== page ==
My aunt has been a longtime fan of Danielle Steel. I think she’s read every one of her books.
While she was reading her latest pick, Magic, she told me it was a real page turner. She suggested I read it, basically to see how such powerful buildup is done. I didn’t hesitate. I’d never read a Danielle Steel novel before, but I was looking forward to it. I knew there was something to be learned from such a successful author. I anticipated a great story and great writing. You don’t always get both in a book, but with acclaimed authors, you certainly expect both.
Now, I’m not a particularly picky reader. I like lots of different genres: sci-fi, young adult, crime fiction, historical fiction. I even read a Western once and I loved it. Yes, I do tend to stick with general fiction with themes of family, love, and overcoming hardship, but even when I venture away from my “usual,” I am rarely disappointed.
But I was disappointed with Steel’s Magic. While the story was ok, the writing was not. It seemed to have been written by an amateur and edited by someone with even less experience. Words were often unnecessarily repeated within a given sentence, and the flow of the narrative was sometimes discordant. The characters, while clear enough to be realistic, did not stay with me.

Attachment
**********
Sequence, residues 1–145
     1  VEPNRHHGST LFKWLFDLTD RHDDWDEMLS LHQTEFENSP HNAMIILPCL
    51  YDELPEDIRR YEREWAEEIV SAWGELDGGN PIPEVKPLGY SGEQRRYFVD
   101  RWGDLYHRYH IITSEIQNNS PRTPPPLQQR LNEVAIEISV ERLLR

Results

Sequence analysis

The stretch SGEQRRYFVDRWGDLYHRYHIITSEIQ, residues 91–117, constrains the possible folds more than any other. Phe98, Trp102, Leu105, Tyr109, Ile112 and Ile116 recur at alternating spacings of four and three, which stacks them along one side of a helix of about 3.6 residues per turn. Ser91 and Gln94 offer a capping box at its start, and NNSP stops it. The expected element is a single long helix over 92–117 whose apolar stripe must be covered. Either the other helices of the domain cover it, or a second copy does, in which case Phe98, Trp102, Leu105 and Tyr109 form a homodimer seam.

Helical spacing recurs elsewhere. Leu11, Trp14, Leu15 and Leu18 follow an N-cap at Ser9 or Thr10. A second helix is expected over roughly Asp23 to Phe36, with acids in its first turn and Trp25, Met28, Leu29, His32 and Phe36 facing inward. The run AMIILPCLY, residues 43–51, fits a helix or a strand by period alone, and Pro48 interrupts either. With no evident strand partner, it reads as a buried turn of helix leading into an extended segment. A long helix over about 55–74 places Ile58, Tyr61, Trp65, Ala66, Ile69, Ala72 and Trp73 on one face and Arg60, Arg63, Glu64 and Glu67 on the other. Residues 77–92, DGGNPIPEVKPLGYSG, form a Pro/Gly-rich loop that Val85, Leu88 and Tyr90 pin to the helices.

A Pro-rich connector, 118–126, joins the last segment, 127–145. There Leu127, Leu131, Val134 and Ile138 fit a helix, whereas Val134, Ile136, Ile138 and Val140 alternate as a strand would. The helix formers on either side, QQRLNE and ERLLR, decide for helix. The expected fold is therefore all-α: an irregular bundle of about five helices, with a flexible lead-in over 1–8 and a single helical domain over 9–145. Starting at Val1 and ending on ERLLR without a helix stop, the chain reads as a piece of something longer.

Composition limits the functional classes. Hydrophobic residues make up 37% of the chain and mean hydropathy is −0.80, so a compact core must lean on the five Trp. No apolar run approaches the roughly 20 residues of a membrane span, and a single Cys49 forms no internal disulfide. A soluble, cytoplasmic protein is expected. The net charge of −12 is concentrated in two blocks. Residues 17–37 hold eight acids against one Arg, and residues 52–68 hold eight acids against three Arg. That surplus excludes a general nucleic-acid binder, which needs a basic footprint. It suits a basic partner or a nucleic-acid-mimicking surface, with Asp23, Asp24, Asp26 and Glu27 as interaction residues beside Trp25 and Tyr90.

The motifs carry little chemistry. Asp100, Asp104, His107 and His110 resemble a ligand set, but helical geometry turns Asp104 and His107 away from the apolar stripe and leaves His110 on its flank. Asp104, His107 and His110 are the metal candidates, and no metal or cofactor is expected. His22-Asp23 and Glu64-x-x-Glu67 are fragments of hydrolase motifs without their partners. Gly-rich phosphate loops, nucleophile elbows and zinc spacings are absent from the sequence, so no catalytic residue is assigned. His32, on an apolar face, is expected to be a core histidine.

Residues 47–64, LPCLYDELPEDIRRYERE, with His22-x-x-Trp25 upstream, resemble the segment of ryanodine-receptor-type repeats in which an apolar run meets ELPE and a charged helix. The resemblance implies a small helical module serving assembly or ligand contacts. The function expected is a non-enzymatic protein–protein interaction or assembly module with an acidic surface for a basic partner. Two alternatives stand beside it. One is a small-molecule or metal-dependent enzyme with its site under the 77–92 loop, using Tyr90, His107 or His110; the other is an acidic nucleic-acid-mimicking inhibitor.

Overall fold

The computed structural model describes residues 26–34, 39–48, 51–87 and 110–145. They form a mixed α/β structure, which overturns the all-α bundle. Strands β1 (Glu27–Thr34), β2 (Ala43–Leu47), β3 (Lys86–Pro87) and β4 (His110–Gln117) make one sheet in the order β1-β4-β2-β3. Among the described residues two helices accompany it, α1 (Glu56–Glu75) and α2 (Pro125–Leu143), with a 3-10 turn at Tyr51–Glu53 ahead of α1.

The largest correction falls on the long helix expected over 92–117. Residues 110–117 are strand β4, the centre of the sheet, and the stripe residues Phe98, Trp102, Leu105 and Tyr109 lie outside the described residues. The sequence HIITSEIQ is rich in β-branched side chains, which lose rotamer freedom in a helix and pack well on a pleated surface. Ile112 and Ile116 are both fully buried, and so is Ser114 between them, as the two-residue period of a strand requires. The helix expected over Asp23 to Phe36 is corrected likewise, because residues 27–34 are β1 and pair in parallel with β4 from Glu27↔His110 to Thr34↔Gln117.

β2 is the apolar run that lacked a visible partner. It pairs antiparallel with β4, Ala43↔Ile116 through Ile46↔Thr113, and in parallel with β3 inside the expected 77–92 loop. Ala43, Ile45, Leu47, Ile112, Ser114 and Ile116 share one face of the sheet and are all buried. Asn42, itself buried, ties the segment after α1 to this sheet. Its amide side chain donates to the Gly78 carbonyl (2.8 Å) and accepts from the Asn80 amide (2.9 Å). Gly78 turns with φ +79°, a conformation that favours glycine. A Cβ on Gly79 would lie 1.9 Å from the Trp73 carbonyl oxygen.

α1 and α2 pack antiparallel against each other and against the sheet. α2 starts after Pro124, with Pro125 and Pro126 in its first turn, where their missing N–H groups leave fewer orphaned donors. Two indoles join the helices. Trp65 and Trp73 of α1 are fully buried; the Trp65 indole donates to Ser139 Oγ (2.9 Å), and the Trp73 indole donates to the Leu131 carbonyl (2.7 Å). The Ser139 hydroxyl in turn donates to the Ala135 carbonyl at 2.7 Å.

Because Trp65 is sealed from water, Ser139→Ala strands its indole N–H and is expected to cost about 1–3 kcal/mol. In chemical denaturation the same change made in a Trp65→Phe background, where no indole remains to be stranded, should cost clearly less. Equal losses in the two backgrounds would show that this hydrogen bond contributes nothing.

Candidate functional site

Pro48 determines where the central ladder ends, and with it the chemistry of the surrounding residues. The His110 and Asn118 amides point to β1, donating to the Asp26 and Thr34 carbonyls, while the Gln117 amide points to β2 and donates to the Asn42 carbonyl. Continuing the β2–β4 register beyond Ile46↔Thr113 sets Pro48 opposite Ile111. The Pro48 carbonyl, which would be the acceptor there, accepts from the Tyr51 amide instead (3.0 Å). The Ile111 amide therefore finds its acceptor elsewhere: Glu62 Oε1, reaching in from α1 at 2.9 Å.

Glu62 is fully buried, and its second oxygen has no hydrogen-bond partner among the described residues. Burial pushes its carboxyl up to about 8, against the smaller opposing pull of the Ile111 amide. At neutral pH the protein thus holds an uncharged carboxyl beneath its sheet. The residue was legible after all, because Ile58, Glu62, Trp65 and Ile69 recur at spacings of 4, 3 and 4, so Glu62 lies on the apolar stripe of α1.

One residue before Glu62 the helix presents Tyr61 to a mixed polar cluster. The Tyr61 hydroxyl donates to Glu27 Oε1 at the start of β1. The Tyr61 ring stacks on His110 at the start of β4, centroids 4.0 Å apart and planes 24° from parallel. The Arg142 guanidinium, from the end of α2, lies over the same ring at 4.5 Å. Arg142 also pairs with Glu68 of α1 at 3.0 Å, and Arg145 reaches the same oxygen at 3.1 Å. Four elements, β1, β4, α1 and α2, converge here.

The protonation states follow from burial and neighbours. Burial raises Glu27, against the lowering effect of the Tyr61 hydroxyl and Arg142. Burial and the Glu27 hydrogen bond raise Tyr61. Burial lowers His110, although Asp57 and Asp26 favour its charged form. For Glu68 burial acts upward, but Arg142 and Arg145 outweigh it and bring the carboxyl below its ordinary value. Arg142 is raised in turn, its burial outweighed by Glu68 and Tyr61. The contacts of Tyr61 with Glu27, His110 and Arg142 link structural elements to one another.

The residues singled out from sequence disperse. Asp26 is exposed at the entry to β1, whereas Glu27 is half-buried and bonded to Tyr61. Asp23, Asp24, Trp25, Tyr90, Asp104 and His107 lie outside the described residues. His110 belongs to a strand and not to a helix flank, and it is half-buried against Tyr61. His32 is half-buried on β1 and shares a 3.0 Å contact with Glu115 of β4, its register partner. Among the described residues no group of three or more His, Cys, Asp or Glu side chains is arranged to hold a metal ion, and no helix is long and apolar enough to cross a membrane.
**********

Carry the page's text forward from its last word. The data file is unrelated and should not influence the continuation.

As I found myself delving further into disappointment, I started to wonder what was wrong with me. This is an author who has sold hundreds of millions of books. She’s probably won awards. Why wasn’t I enjoying her book when so many people loved her writing?
The answer came to me in the form of a rating for one of my own novels shortly after I’d finished reading Magic. The reader—who had a very strange username like Lmnopwxyjz—gave my book a one star rating with no review. I’d like to believe that this is a mistake, that some little kid was playing with her mom’s tablet and through a series of random clicks managed to sign up to Goodreads using that anomalous name, land on my book and highlight one star. I mean, my kids have done similar things…it could happen! I know, I know…not likely. The truth is that it was probably a legitimate reader who simply didn’t enjoy my book.
And that’s totally fine.
While writers (and artists of any kind, actually) hope that our work will resonate with everyone, the truth is that that notion is the fastest route to feeling like a failure. Each and every person has his or her own likes and dislikes, and there is no way you can cater to them all. Not everyone likes caviar. Not everyone likes mangoes. Not everyone likes chocolate. I know! THAT sounds outrageous! I mean…chocolate?!
But that’s the truth: not everyone likes chocolate. And not everyone likes Danielle Steel books. And not everyone will like mine. That’s the way taste works.
So, I keep writing for my intended audience, and hope that they remain intrigued. And if some readers from outside of my audience happen to enjoy my work, well then that’s a wonderfully surprising win.
But what about me disliking Steel’s book? What does that say about me?
It says that I, too, have my own taste, and don’t mind one bit if I differ from her hundreds of millions of fans.
Being in the minority makes me unique; it does not invalidate my opinion.